Cryptominers Have Gone Rogue: Now Uses Javascript and Malwares

Image Source: sputniknews

Image Source: sputniknews

The crypto-currency bubble has popped and the value of these e-coins have fallen since they peaked in December last year, where Bitcoin’s price has soared to as much as $18,000 USD. The lowest since the bubble popped was on February 6 this year,  at $7,700 USD. From that day onward it seems to be on the rise again with prices playing at $8,000 USD.

The sudden rise to fortune of those who are addicted to crypto-mining, is no doubt, the envy of all those who laughed at them when Bitcoin was in its infancy, starting out less than a dollar. But with the sudden rise to fame brought by cybercriminals, the price has risen so much that criminals and scammers are now taking a new approach on how to earn more of this electronic money other than spreading ransomware, from secretly running javascript via ads to using malware that infects other people’s PC. These types of techniques are nothing new. But with the rise of prices, they are gaining popularity and are now on the rise.


Image Source:

Image Source:

It is all thanks to cryptojacking – that is, the ability to run cryptomining software through the browser of other users – that we now have this dilemma. In November of last year, 2,496 websites have been found using cryptojacking on their sites’ visitors. Of course, the visitors of these websites were unaware of the website stealing RAM from them. This is done using the Coinhive javascript, which is a cryptominer mining the cryptocurrency Monero. They embed it into the webpage’s code, usually in the very familiar “<script>” tags.

When the miner starts running on your PC, it eats up the RAM, which could potentially slow down your computer, or increase the heat generated by your device, which could cause damage to your hardware. People are advised to have script blockers and the usual Adblock when visiting unfamiliar websites to avoid getting their PCs’ RAM used up.

Coinhive is usually treated as a separate case. However, it has recently been added to the list of existing cryptominer malware.

Crypto-Miner Malware

Coinhive maxing out CPU usage (Image Source: Arstechnica)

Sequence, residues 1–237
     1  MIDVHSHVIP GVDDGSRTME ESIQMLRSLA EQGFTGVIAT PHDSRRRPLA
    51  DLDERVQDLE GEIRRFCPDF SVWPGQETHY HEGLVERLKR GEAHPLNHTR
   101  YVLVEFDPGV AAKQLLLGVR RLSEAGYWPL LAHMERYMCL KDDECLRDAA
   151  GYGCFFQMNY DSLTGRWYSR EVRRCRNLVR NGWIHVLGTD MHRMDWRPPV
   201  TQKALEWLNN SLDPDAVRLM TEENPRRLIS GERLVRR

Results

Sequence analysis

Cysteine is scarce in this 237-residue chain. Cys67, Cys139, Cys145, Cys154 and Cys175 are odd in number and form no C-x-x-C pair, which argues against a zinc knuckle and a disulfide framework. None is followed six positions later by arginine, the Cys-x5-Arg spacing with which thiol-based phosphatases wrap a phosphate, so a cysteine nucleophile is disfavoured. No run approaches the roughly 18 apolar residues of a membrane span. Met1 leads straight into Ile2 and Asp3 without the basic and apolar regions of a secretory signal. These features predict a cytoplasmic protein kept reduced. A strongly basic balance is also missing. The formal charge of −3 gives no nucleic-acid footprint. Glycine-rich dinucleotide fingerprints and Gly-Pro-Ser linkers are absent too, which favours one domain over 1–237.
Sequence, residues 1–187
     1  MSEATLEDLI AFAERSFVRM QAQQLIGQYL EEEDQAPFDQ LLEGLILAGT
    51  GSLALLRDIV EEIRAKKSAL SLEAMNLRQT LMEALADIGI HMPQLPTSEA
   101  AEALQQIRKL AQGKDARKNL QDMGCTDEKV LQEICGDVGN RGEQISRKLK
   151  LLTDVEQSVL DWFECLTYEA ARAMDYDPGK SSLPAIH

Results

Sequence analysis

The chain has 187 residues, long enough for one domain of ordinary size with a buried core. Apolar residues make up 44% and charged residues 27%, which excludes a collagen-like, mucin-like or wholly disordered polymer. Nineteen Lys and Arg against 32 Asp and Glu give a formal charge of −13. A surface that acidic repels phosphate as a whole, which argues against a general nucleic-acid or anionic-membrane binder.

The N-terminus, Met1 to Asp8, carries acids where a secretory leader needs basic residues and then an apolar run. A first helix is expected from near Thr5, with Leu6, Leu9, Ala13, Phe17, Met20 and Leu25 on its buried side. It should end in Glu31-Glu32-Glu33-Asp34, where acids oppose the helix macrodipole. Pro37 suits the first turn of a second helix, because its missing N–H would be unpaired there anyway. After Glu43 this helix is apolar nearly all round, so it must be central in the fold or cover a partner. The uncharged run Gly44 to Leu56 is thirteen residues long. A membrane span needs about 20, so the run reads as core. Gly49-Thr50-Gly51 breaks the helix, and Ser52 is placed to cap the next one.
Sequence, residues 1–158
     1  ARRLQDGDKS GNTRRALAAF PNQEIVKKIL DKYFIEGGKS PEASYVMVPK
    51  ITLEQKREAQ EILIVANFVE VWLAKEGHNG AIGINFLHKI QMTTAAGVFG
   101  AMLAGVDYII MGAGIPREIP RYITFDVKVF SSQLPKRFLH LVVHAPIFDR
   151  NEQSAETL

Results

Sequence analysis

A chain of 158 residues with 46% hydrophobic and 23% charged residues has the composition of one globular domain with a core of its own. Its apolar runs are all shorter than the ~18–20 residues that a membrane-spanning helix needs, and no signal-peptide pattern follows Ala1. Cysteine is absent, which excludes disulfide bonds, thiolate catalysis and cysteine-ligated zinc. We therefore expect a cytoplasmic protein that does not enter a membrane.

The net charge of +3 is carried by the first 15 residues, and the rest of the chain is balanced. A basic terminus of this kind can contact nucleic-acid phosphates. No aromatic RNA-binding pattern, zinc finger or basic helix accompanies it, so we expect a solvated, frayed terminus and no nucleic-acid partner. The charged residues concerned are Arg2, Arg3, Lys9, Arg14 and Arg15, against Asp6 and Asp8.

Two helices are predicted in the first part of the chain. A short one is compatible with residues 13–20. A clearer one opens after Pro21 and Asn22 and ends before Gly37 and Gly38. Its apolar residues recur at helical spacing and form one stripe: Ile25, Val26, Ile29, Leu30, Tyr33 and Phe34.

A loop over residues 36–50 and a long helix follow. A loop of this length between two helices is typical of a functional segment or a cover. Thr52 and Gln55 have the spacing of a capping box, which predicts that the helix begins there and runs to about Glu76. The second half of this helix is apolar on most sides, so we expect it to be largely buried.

Coinhive maxing out CPU usage (Image Source: Arstechnica)

In December of last year, Check Point Software Technologies has recorded a rise in the use of crypto-miners that has a similar modus operandi to Coinhive: Cryptoloot and Rocks. These cryptominers aren’t all that different to Coinhive in that they hijack the victim PC’s resources to be used for mining cryptocurrency. Coinhive is leading Check Point’s top ten list of most wanted malware, with Cryptoloot coming in at no. 3 and Rocks at no. 10. The blog post notes that the reason people are turning to cryptomining is because people started using Adblockers to block ads, thereby cutting these websites’ ad revenues.

Then just this month Texthelp’s Browsealoud script was hacked and turned into a cryptominer dispenser. Browsealoud was originally a script that adds speech that reads text on websites. This was made with people with Dyslexia in mind, as well as for people who are not that good reading in English. Browsealoud is used in a number of government sites, health sites, and education-related websites around the world. Then last 11th Texthelp was attacked by hackers and modified Browsealoud’s JavaScript file. Browsealoud would then execute and install a Coinhive cryptojacking script into the victim’s PC and make it mine cryptocurrency.

Soon, government websites from UK, the US and Australia were infecting PCs with cryptomining malware. As many as 4,275 sites were affected. Eventually, Testhelp had to shutdown Browsealoud to address the issue.

Switching Modus Operandi

One could only watch in amazement as hackers switch their modus operandi from hacking and threatening people to never announcing their attacks and silently mine cryptocurrency. And with the noticeable spike of incidents, it is very likely that this is just the beginning. Hackers will most likely devise more means to attack the users’ PCs to mine more cryptocurrency.